Sunday Times

A trans­formed Sun­day Times that you can trust

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● Over the past few weeks there have been calls for the Sun­day Times to pub­licly ac­count, apol­o­gise and tes­tify be­fore ju­di­cial com­mis­sions about its role and in­volve­ment in state cap­ture. While some of these calls are gen­uine and come from peo­ple who care deeply about this news­pa­per, the most vo­cal has been from a group of peo­ple who want you, our loyal reader, to doubt whether this news­pa­per can still be trusted.

So let’s deal with that ques­tion. Can the Sun­day Times be trusted af­ter every­thing it did just three years ago? The an­swer is a re­sound­ing yes. You can trust the Sun­day Times. You can trust me, its edi­tor, and you can trust the team that is en­trusted with the most dif­fi­cult task in South African me­dia, that of putting to­gether this great news­pa­per ev­ery week.

To­day I want to thank you for your con­tin­ued sup­port — es­pe­cially through what has been the most dif­fi­cult time in the life of this news­pa­per. The Sun­day Times has al­ways de­rived its au­thor­ity and man­date from the pub­lic trust. It sub­scribes to the prin­ci­ples and val­ues of trans­parency, ac­count­abil­ity and hon­esty. Get­ting to the truth is in­te­gral to our mis­sion and val­ues. Our cred­i­bil­ity and in­tegrity de­pend on these val­ues.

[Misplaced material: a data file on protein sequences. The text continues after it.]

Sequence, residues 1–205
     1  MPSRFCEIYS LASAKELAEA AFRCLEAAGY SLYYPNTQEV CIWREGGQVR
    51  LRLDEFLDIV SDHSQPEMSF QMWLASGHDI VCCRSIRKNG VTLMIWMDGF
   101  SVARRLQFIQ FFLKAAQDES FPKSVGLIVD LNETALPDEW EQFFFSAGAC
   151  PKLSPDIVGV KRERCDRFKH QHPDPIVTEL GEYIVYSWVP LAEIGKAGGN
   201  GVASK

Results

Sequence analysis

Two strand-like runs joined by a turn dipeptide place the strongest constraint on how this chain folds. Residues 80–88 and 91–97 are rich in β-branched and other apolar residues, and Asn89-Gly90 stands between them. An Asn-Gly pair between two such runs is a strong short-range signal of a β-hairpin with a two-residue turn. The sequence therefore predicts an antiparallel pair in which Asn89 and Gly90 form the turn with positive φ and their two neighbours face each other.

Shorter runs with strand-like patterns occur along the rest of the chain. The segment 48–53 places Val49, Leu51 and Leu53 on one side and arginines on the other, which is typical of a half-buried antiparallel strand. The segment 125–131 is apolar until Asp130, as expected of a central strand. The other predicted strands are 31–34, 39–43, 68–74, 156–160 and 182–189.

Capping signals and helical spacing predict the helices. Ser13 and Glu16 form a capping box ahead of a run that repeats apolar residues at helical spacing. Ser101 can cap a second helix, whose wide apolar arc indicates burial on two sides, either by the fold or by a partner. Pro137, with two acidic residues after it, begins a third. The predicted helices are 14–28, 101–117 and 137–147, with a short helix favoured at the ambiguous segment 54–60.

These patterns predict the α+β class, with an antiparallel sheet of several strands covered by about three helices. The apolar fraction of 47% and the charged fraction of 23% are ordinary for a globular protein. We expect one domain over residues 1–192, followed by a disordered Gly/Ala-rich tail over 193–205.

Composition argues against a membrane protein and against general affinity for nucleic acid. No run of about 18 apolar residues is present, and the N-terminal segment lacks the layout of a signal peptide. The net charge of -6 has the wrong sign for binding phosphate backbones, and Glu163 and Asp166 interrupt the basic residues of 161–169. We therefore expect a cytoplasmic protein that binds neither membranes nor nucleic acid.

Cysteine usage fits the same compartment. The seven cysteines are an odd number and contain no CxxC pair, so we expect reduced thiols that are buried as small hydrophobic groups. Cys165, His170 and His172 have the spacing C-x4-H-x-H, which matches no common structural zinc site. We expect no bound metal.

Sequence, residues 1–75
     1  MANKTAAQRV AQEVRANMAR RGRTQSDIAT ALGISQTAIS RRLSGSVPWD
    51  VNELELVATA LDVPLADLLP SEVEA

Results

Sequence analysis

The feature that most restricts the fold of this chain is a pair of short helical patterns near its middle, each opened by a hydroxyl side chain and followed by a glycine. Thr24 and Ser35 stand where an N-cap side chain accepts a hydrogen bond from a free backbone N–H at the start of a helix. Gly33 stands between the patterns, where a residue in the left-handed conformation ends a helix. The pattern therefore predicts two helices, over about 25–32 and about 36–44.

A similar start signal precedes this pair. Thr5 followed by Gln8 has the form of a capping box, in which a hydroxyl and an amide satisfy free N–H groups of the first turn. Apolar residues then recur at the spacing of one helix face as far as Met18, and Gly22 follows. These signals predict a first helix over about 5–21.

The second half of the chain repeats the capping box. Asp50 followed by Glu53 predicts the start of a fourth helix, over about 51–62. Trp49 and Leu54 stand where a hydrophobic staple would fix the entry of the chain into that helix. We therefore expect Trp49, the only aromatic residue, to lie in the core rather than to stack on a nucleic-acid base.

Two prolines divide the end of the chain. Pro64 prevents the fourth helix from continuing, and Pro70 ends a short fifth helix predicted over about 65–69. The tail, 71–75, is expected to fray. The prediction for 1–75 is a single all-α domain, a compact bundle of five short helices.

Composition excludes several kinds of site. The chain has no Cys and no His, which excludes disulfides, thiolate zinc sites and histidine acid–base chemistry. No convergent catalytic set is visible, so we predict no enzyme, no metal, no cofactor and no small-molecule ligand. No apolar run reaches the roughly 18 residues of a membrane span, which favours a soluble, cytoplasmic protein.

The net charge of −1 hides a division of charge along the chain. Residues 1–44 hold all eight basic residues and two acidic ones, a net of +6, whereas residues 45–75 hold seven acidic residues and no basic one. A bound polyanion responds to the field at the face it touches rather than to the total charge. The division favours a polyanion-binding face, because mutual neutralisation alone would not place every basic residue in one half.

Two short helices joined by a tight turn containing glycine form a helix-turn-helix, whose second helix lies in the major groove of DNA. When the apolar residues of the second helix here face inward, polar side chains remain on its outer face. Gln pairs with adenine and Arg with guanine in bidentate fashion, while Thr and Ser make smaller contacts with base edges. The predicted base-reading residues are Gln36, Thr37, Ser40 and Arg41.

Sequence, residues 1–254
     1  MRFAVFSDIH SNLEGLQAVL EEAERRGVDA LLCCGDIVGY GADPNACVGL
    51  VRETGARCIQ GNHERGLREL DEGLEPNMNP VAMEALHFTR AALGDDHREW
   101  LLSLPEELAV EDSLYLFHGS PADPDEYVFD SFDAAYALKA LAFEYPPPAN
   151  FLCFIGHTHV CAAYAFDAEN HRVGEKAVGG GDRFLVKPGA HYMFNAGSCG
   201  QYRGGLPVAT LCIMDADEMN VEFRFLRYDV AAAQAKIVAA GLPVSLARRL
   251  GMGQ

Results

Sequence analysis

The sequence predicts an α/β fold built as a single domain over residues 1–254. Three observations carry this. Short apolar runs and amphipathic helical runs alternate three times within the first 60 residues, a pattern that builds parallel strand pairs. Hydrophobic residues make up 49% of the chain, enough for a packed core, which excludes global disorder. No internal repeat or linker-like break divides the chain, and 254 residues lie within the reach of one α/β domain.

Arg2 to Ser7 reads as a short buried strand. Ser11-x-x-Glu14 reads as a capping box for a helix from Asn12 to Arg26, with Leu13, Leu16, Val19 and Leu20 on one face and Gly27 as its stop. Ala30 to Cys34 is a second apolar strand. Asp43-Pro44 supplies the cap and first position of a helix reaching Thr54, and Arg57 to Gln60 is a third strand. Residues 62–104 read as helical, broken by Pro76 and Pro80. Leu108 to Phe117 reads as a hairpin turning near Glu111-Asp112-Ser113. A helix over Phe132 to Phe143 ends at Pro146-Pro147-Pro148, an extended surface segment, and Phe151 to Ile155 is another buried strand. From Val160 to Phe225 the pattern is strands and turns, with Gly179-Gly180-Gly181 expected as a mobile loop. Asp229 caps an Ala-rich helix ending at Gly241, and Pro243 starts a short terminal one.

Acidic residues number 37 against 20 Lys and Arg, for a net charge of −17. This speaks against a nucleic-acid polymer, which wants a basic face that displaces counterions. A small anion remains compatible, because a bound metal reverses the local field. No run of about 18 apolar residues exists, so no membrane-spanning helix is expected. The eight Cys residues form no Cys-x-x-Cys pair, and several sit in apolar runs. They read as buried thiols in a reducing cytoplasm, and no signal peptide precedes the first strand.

It is for this rea­son that I took a de­ci­sion in 2016 to re-ex­am­ine our re­port­ing on the South African Rev­enue Ser­vice (Sars), to apol­o­gise for er­rors made and reach out to the peo­ple af­fected. This work con­tin­ues. I am will­ing to pro­vide clar­ity and ex­plain this de­ci­sion in any fo­rum. On dis­cov­er­ing weak­nesses in our in­ter­nal ver­i­fi­ca­tion sys­tems that might have led to our fail­ure to in­ter­ro­gate the mo­tive of our sources, I not only apol­o­gised but wrote to you to prom­ise a com­plete over­haul of the news­pa­per’s sys­tems and struc­tures.

Now it is time to re­port back to you about what we have been do­ing. The past two-and-a-half years have been a most dif­fi­cult but ful­fill­ing pe­riod for this news­pa­per. We have spent a lot of time fo­cus­ing on strength­en­ing our sys­tems, ed­i­to­rial pro­cesses and news­desk struc­tures to en­sure that ev­ery piece of in­for­ma­tion is au­then­ti­cated and ver­i­fied, and that sources’ mo­tives are in­ter­ro­gated, in ac­cor­dance with the press code and our own ed­i­to­rial pol­icy.

We have com­pletely trans­formed our work flows. Two years ago we were a news­room that worked the whole week gen­er­at­ing con­tent for one prod­uct. Now we are a fully in­te­grated news­room that cre­ates and pub­lishes con­tent across five plat­forms — TimesLive, TimesS­elect, Busi­ness Times, Life­style and the Sun­day Times. We are now a seven-day pub­lish­ing op­er­a­tion with rolling shifts and mul­ti­ple dead­lines. We have strength­ened our news-gath­er­ing and edit­ing pro­cesses across our three news­desks, in Jo­han­nes­burg, Cape Town and Dur­ban.